Had Constantine lost the battle of Milvian Bridge....

Dec 2014
Mr. Blues,

Very interesting. Constantine divided the empire between his three sons upon his death. Within a few years, Constantius had consolidated power. Julian, Constantine's nephew had no interest in being emperor, and moved to Athens to be a philosopher (Constantius had his father and brother killed, so Julian wanted to make it known he was no threat). Nevertheless, Constantius made him Ceasar of the western empire, ostensibly to have him fail and have his generals depose him. turns out, he was a great military strategist and beat back a German invasion, and his generals named him emperor and backed him in a civil war against Constantius, who died as Julian marched on Constantinople.
Ammianus Marcellinus was a Roman soldier under Constantius I and later Julian II. His extant texts (Res Gestae Divi Augusti) are some of the best reading in the ancient world and undoubtedly the primary source for the book you relate.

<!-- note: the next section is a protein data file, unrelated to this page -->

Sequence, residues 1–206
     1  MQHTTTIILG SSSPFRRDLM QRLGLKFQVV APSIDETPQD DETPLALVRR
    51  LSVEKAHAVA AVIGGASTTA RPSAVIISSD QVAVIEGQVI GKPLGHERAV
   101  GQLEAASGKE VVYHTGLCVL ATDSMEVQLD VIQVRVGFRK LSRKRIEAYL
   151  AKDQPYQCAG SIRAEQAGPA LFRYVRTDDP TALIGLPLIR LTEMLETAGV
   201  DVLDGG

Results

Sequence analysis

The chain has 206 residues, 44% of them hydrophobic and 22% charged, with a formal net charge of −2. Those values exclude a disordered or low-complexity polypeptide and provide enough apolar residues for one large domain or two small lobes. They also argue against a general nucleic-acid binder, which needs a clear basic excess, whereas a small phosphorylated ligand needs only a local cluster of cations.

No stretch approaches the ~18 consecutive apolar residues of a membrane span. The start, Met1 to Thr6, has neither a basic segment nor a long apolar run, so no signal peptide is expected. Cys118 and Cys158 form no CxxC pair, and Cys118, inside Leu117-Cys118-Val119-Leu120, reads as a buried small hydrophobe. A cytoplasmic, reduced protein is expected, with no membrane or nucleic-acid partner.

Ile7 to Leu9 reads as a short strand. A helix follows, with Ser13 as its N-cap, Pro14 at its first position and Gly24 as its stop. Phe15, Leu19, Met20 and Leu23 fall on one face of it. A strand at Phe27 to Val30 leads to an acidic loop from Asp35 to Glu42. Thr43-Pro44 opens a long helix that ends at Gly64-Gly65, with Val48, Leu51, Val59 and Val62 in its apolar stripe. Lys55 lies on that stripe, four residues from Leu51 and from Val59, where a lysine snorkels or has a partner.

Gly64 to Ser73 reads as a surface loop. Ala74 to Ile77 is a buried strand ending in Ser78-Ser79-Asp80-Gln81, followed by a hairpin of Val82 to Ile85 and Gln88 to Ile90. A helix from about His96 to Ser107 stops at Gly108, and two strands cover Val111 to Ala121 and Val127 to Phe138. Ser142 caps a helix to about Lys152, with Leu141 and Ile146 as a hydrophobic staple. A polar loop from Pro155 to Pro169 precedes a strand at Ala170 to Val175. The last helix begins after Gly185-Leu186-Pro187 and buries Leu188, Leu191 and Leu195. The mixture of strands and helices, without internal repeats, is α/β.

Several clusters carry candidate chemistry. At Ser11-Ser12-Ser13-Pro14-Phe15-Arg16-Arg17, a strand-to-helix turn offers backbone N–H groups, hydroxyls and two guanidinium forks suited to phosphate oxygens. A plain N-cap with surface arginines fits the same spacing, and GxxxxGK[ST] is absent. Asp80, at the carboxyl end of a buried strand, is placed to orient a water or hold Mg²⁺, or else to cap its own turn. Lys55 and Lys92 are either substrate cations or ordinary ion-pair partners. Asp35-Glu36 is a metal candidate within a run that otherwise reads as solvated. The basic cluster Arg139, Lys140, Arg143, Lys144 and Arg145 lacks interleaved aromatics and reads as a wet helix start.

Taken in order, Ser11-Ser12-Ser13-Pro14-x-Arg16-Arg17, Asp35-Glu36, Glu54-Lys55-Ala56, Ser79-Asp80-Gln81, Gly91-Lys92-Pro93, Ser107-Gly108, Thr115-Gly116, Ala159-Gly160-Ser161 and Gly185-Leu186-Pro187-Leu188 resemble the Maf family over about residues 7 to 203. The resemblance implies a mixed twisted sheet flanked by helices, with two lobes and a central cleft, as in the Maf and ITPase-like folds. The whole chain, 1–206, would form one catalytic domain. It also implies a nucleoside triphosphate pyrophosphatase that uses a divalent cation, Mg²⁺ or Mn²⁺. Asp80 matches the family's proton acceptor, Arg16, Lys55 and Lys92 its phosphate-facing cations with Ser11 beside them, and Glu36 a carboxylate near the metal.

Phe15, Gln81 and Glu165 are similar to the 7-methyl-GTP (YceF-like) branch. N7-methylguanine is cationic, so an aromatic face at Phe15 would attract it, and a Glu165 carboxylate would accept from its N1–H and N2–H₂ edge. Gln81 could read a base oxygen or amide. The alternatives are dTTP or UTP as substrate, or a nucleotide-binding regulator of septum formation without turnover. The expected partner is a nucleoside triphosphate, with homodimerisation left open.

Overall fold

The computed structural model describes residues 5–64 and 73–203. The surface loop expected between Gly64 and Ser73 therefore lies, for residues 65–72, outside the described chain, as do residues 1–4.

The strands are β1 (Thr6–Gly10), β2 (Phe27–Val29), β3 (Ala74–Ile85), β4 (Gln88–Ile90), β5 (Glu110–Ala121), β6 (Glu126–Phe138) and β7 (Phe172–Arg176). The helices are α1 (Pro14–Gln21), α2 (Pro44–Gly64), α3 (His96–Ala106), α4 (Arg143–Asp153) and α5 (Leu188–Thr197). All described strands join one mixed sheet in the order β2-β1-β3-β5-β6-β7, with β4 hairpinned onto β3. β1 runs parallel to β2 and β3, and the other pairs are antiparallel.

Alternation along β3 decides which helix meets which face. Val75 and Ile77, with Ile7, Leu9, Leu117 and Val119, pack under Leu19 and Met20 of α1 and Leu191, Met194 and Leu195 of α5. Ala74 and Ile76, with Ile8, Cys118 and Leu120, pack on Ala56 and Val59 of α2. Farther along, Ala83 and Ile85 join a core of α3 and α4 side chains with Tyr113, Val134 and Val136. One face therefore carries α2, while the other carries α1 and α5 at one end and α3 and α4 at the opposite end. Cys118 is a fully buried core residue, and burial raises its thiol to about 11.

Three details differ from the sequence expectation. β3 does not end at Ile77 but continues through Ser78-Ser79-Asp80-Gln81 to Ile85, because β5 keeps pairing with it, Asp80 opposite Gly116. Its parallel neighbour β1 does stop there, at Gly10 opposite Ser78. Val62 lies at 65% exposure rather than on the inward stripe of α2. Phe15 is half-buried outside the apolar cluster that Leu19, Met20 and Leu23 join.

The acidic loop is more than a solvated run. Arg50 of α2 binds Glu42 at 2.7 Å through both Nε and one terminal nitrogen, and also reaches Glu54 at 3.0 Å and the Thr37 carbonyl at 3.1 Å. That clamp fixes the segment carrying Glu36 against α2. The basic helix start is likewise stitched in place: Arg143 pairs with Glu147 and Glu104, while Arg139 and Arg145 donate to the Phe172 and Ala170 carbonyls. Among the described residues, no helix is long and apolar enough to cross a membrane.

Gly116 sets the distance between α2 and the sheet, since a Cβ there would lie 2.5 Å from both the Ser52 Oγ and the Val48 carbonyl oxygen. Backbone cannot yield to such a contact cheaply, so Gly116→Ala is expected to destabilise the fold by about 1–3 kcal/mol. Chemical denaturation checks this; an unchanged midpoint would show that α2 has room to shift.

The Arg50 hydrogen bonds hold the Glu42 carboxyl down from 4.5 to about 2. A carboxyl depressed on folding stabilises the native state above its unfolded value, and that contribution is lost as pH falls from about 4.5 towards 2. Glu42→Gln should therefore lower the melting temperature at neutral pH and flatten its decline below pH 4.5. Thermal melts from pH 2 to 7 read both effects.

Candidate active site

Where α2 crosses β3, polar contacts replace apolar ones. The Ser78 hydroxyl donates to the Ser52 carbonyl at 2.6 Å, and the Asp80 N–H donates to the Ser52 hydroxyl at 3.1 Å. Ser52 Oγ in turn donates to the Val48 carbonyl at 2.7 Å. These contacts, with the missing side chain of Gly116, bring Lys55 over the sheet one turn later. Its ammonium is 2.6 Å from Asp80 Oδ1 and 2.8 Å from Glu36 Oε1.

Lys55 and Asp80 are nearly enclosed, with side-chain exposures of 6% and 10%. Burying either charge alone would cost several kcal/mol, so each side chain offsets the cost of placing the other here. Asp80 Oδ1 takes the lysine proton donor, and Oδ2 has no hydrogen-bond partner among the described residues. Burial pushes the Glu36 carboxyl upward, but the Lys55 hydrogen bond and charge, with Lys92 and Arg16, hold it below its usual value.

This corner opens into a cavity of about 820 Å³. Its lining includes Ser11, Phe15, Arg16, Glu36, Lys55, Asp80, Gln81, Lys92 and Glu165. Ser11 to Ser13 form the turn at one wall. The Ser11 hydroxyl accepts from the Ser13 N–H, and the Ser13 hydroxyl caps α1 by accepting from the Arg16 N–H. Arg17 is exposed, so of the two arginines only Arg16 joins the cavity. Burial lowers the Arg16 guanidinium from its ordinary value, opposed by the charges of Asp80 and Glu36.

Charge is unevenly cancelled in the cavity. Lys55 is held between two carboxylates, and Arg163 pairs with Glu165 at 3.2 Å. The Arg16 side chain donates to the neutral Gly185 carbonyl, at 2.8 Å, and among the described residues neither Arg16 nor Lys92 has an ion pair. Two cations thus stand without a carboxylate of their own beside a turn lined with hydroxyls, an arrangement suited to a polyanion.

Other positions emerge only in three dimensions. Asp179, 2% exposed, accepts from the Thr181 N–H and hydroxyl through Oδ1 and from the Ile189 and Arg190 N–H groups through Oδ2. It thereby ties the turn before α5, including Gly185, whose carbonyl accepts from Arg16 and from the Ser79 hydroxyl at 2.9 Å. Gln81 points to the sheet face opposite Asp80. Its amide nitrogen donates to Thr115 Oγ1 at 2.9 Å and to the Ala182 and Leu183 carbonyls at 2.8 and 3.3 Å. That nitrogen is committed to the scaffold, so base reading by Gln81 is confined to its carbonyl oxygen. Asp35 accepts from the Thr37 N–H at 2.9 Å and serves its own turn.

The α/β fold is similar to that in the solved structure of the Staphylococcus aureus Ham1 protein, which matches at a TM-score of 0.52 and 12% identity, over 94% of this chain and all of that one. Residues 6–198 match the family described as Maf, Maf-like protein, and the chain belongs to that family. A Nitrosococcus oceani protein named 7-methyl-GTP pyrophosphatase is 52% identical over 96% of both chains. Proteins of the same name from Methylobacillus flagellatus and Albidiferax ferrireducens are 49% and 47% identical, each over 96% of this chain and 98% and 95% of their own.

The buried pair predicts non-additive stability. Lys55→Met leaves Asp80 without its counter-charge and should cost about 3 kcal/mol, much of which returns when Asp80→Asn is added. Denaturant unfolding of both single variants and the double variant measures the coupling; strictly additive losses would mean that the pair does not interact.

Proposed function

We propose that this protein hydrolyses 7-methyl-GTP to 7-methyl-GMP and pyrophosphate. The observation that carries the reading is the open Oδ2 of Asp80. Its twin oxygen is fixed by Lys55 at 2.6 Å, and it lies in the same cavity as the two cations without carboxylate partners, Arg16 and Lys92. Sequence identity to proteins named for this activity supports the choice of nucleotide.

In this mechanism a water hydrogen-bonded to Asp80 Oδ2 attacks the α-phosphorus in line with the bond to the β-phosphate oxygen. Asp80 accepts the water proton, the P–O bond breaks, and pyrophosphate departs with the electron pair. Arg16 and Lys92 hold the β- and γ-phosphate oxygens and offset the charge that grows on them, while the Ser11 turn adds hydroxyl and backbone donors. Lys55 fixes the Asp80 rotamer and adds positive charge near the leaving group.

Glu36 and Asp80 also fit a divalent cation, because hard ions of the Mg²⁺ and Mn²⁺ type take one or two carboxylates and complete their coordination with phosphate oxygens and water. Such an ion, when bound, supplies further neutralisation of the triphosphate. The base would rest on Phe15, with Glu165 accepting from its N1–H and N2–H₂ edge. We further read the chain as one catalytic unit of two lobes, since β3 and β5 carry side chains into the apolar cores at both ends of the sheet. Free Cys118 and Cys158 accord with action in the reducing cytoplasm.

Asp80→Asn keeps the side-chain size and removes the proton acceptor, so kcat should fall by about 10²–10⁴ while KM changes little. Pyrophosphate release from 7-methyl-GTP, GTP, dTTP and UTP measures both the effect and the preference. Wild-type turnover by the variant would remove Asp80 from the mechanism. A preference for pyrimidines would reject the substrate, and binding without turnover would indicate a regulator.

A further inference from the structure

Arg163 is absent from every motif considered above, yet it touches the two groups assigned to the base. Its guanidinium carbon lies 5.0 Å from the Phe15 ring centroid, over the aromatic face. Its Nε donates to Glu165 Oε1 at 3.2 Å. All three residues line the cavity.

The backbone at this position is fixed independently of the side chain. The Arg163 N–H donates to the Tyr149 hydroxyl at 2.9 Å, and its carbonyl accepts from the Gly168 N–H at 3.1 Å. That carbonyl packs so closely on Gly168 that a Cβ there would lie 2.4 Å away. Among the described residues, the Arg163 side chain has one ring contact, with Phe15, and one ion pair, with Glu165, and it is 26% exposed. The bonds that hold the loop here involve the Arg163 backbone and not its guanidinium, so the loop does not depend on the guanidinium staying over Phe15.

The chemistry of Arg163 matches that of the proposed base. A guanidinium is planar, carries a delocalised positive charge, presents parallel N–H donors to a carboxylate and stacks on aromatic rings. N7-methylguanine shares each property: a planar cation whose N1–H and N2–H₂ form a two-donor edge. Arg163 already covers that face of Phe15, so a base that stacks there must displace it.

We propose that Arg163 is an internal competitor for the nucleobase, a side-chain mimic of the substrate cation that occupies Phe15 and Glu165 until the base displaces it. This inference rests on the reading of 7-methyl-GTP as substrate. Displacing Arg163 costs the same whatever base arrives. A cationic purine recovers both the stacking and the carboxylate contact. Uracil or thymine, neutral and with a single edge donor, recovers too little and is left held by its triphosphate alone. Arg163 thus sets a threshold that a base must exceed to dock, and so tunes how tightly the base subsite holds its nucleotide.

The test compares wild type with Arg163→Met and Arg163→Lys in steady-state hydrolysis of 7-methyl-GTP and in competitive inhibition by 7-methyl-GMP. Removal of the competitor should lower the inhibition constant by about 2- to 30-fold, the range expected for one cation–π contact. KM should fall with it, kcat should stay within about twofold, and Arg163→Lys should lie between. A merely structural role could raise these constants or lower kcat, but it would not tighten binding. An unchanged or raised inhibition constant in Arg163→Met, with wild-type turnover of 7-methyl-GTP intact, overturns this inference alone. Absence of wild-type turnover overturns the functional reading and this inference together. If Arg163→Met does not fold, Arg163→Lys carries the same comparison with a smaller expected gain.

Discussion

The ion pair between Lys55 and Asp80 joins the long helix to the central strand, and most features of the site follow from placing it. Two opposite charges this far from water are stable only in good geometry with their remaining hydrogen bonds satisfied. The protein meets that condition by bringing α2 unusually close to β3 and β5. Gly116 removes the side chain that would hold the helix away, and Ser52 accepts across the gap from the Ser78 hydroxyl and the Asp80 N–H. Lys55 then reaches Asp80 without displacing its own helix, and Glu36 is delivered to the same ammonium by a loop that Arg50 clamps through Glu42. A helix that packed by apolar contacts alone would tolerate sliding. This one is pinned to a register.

The texts are published in English by Penguin.
Last edited:
Feb 2011
The formerly great golden state
Mr. bodisatva,

I have to disagree with you. Christianity was not a fringe cult, but rather, a growing movement. Constantine's decision to make it the official religion was no based on faith, but rather a political decision to bring the powerful Christian influence into the fold.
Even if you doubt Constantine's story of seeing a vision in the sky and think that he made Christianity the official religion in order to better consolidate his political power, which is a likely scenario, surely you see that doing so was a momentous decision in the grand scheme of things, one that had a profound effect on world history from that time forward.

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